Other destination retailers are realising their role to provide services for the public to use and enjoy, thoughtfully integrating distancing and wellbeing into retail design.
In Tokyo, Pan-Projects has created The Playhouse, a multi-storey adaptable retail space that doubles as both a retail destination and a rentable space for talks, theatre and meetings. Created with the impact of Covid-19 on shopping habits in mind, it uses retractable wooden doors and draped textiles to challenge the conventions of destination retail, allowing culture and activities to co-exist with the retail space.
Similarly uniting retail and activities is The Commons. Its plant-filled, wellbeing-led mall in Saladaeng, Bangkok, encourages city dwellers to decelerate. More than 30% of the space is open-air and public, with upper floors that can be booked for locals to practise yoga, perform music or participate in art and dance workshops. 'The Platform is a new concept space adopting the sharing economy approach as a driving force for the space,’ says the Department of Architecture, creators of The Commons.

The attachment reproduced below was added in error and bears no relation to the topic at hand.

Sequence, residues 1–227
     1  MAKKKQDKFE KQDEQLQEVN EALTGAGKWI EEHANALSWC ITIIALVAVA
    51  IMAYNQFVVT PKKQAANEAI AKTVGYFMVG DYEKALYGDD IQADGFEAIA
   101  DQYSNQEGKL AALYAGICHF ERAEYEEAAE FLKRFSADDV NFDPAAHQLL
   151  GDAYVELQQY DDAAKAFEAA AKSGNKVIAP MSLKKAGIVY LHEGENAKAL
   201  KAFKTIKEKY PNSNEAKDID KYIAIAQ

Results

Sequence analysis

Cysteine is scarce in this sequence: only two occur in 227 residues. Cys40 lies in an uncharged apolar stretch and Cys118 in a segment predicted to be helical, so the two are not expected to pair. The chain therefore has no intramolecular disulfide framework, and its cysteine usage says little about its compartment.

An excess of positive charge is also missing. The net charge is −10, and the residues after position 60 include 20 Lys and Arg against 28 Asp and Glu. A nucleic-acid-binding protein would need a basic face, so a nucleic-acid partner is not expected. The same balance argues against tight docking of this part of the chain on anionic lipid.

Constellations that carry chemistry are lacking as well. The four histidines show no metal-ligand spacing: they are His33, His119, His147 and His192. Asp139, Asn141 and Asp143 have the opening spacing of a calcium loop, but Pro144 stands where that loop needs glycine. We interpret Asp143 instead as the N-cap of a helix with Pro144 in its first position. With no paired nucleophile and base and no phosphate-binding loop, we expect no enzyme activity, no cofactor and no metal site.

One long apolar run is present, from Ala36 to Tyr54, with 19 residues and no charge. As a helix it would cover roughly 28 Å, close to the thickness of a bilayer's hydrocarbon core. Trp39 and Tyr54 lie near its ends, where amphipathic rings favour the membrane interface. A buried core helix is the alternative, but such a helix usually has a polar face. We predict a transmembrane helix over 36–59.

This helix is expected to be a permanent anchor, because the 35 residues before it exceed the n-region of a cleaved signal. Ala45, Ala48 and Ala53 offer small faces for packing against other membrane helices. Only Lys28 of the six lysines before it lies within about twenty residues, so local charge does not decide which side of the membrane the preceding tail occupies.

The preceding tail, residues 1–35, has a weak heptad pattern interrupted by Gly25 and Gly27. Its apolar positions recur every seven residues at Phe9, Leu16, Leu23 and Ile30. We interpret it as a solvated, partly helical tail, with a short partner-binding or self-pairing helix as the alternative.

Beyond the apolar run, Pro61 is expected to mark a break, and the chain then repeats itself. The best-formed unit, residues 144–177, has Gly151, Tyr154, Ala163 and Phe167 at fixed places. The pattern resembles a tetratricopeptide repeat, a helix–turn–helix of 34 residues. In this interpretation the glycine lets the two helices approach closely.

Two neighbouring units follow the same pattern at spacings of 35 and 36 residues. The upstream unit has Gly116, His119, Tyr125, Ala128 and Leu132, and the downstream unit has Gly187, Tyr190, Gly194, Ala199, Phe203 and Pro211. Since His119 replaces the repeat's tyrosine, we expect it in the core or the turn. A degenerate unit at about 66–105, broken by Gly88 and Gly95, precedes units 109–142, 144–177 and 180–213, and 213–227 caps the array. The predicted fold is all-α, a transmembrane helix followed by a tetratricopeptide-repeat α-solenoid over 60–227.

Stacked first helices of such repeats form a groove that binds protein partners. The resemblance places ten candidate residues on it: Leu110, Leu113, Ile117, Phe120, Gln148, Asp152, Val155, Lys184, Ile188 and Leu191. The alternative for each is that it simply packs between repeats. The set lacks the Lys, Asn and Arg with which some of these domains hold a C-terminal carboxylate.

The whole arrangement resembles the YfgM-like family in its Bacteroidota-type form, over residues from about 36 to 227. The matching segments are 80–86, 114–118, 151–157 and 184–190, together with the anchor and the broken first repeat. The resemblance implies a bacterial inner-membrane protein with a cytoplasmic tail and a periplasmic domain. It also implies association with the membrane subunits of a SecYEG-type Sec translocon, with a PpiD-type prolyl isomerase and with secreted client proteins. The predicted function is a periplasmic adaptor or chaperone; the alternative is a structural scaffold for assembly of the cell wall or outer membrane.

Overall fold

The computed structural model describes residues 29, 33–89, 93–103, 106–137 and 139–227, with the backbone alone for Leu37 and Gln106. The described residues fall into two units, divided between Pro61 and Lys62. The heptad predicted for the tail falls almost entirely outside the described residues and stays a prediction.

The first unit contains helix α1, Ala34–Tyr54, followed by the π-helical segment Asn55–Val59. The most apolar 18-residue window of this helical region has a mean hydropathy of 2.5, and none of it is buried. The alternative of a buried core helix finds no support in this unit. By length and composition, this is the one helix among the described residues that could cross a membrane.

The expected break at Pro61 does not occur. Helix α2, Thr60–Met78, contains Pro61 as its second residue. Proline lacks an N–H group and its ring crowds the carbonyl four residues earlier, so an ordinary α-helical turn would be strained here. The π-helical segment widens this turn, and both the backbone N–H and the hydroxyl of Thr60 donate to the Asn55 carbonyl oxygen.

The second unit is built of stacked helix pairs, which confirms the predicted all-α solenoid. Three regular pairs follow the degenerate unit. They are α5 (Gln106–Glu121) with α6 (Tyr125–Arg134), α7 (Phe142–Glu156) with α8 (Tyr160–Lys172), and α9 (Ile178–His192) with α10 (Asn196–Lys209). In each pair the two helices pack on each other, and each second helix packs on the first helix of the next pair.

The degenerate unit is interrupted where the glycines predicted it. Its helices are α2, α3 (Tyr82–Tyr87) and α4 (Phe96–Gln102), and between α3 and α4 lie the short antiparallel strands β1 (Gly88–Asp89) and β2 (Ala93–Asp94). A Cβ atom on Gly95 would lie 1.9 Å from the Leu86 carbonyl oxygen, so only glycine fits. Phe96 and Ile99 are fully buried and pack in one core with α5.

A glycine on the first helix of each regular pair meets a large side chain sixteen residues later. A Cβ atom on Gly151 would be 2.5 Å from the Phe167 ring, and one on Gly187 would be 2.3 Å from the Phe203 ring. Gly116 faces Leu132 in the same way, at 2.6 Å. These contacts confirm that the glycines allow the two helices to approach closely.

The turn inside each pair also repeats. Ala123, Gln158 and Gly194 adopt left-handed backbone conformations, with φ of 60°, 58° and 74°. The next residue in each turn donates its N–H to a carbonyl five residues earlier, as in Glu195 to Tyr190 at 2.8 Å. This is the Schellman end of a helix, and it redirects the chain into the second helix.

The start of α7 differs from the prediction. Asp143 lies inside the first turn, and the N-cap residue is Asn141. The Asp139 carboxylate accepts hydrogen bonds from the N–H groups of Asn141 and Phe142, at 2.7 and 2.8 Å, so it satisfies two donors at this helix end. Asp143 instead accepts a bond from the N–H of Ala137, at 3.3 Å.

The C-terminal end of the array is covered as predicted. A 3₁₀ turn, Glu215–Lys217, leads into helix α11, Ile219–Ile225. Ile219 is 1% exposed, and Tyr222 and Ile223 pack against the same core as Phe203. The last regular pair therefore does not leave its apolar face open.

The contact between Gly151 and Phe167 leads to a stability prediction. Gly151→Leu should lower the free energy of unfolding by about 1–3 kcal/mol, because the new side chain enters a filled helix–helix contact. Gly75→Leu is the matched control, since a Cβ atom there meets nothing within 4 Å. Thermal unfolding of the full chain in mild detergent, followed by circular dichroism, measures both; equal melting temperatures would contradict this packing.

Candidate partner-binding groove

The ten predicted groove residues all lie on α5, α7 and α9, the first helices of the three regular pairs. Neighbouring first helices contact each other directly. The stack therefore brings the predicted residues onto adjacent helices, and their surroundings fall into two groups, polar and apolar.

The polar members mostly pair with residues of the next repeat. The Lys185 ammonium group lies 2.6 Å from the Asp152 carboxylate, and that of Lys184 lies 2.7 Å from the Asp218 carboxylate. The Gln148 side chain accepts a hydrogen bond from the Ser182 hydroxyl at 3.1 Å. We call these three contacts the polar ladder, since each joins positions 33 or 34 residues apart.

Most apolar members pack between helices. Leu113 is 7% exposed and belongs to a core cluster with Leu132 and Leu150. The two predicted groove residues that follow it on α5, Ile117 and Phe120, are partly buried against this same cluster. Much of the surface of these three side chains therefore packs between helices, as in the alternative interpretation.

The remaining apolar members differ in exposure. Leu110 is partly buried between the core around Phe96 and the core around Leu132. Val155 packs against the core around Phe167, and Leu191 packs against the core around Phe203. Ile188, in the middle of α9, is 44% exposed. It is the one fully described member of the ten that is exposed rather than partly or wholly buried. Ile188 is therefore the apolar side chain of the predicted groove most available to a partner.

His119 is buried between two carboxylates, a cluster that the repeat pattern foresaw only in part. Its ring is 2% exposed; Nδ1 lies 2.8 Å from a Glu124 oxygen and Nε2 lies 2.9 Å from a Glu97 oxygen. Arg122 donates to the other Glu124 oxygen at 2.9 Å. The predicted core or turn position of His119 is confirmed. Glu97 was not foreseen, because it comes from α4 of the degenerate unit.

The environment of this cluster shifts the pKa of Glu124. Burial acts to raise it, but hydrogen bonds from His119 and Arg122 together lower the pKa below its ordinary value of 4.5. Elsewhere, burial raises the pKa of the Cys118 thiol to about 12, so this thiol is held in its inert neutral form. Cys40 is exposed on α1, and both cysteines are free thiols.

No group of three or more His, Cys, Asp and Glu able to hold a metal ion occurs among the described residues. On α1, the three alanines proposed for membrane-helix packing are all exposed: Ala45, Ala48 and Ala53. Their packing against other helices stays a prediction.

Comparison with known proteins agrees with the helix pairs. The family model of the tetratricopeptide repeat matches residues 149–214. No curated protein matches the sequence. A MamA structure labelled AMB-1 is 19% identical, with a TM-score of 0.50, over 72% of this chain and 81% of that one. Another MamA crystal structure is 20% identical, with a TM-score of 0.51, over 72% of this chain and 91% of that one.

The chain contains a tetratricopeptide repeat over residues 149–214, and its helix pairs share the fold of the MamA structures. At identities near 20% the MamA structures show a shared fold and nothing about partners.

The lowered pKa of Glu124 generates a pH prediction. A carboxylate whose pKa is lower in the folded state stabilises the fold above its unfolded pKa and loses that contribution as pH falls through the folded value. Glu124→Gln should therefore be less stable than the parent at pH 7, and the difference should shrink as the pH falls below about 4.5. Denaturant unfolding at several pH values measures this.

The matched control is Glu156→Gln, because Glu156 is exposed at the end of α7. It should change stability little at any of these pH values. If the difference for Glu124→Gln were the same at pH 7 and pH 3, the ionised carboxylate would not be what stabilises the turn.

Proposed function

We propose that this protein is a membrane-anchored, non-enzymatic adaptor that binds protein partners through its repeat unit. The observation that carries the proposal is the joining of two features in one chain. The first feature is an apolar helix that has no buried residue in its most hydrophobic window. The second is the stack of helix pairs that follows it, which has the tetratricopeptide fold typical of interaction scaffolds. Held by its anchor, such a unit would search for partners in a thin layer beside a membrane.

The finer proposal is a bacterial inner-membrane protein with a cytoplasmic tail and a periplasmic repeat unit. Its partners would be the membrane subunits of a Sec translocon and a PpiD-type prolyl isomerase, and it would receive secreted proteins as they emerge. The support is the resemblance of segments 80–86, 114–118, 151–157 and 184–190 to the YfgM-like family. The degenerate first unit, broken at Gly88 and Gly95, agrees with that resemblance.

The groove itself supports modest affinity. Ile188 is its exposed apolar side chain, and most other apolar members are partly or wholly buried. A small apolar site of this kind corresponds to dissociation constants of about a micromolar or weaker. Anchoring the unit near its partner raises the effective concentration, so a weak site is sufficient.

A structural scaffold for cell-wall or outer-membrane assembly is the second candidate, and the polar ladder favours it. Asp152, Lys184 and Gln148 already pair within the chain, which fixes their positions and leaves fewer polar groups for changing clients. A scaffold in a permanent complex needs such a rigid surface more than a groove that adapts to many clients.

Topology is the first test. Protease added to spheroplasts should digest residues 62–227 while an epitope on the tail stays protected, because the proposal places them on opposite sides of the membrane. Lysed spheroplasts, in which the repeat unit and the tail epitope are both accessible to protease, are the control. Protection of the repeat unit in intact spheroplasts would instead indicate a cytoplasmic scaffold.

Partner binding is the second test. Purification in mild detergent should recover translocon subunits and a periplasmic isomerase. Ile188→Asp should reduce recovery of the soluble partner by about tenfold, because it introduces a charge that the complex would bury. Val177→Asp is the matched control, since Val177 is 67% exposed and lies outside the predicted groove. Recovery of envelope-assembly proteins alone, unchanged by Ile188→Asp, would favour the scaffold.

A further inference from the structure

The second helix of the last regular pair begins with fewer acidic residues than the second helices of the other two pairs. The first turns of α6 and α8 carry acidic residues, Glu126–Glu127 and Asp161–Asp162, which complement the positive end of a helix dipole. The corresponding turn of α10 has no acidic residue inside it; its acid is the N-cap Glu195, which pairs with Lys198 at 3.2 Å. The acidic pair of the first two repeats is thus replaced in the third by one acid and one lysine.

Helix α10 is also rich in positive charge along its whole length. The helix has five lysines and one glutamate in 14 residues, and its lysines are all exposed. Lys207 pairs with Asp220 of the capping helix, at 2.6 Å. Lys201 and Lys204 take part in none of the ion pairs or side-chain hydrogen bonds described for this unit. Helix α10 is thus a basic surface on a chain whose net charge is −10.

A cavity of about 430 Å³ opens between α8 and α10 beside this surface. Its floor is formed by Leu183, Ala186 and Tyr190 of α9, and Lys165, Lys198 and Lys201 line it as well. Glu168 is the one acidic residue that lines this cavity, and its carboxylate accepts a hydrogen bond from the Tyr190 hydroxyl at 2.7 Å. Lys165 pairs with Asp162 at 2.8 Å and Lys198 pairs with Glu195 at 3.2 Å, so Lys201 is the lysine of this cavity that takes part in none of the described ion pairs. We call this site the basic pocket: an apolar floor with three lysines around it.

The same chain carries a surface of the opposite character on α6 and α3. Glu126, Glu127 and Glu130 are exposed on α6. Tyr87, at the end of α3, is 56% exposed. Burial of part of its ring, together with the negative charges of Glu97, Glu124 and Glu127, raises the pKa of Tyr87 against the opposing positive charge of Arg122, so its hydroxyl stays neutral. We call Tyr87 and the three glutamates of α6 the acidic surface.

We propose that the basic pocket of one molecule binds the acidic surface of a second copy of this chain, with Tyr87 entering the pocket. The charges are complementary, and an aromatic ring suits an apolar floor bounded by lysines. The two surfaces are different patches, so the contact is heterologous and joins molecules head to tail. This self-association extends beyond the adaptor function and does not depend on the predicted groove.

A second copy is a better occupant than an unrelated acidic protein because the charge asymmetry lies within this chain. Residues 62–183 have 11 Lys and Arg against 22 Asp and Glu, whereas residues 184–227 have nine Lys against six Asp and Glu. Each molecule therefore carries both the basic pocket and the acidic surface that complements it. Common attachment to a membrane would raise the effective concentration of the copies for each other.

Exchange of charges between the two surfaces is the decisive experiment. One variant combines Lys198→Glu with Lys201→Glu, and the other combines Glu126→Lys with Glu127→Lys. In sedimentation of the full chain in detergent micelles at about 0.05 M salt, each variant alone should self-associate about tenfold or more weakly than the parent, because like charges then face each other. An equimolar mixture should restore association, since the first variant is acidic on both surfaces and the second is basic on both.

Also embracing biophilia is Brisbane mall the Hyperdome, which was revamped in 2020 by owner QIC Global Real Estate to meet the evolving needs of the local community and the region. The renovation uses natural light and plants to ease shoppers back into bricks-and-mortar shopping; its atrium resembles a pergola with overhead greenery, while sensory play spaces bring the outdoors in.
'The objective was to deliver a welcoming environment in response to the local community’s desire for family and togetherness'
Quatro Design, creator of Hyperdome's plantscapes.